Note: The following was written on my phone, in an airport while waiting for a delayed flight.
Lately, I’ve had a number of conversations with principals revolving around two connected topics – hard work and stress. The first variation of the conversation begins like this, “My teachers are under a lot of stress right now.”
Like this is a bad thing? We are responsible for educating (which means adding value) our students during a very specific window of time. That time window is shrinking. If we don’t feel some stress that means we are either coasting on the fact that our students bring enough prior knowledge to the table that our effectiveness in adding value isn’t measured. Or even worse, that we’re ok with a certain percentage of our students not being successful. Both of the situations that I just described are bad for students.
Stress means that at some level teachers want to add value, want more students to be successful, and are aware that the clock is ticking. The real concern should be, “How do I help my teachers manage their newly discovered stress?”
The second variation of the conversation starts with the statement, “I’m really working my teachers hard right now.”
Again, like this is a bad thing? When did an honest day’s work for an honest wage become an area of concern? In fact, if I don’t finish the day exhausted (either mentally, physically, or both) did I really give it my all? And yes, I expect you to give it your all, everyday.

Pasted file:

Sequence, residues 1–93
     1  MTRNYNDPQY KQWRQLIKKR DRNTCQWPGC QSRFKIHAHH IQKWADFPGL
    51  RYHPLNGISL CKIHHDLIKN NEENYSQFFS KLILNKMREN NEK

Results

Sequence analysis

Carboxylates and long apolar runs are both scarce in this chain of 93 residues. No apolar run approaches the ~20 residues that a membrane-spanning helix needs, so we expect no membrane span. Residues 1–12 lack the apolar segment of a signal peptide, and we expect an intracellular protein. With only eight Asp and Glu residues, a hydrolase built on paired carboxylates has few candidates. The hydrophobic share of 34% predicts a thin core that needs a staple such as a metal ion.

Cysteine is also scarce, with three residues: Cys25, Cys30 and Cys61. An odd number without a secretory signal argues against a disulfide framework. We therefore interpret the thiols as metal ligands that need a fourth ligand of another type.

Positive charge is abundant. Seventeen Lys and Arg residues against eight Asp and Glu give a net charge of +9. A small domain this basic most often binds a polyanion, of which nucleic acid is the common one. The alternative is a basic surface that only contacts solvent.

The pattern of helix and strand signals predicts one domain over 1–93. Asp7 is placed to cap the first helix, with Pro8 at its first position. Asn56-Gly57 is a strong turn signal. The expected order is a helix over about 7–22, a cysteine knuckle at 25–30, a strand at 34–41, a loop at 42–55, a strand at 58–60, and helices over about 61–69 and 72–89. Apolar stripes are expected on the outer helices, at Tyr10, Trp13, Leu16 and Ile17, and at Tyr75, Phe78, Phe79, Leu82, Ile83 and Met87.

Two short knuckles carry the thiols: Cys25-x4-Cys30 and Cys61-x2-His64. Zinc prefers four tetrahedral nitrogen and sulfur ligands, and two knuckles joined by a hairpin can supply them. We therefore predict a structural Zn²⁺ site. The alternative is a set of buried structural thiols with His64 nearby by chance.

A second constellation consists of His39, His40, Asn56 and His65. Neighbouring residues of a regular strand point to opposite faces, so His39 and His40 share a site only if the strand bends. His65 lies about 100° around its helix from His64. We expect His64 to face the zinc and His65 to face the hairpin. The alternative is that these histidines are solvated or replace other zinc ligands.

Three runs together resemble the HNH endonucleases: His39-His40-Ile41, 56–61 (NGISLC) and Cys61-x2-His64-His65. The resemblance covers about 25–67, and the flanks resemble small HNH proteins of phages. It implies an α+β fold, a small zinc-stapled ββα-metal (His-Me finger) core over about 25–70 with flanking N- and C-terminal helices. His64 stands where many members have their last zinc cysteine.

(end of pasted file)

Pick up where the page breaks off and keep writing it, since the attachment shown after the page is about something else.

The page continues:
We have to get past the mind set that just showing up is enough. If just showing up was enough, then it would be much more cost effective to hire minimum wage room monitors and let kids watch “The Math and English Show” on TV. To quote Larry Wingate, “it’s called work for a reason.” If you are having fun and/or love your job, that’s just a bonus. It is not a responsibility of the boss or organization.
Quit apologizing for insisting that your staff be of singular mind and purpose when it comes to maximizing student opportunity. That is the purpose of our profession. Educators that can’t or won’t do that, discredit the rest of us.
Think. Work. Achieve.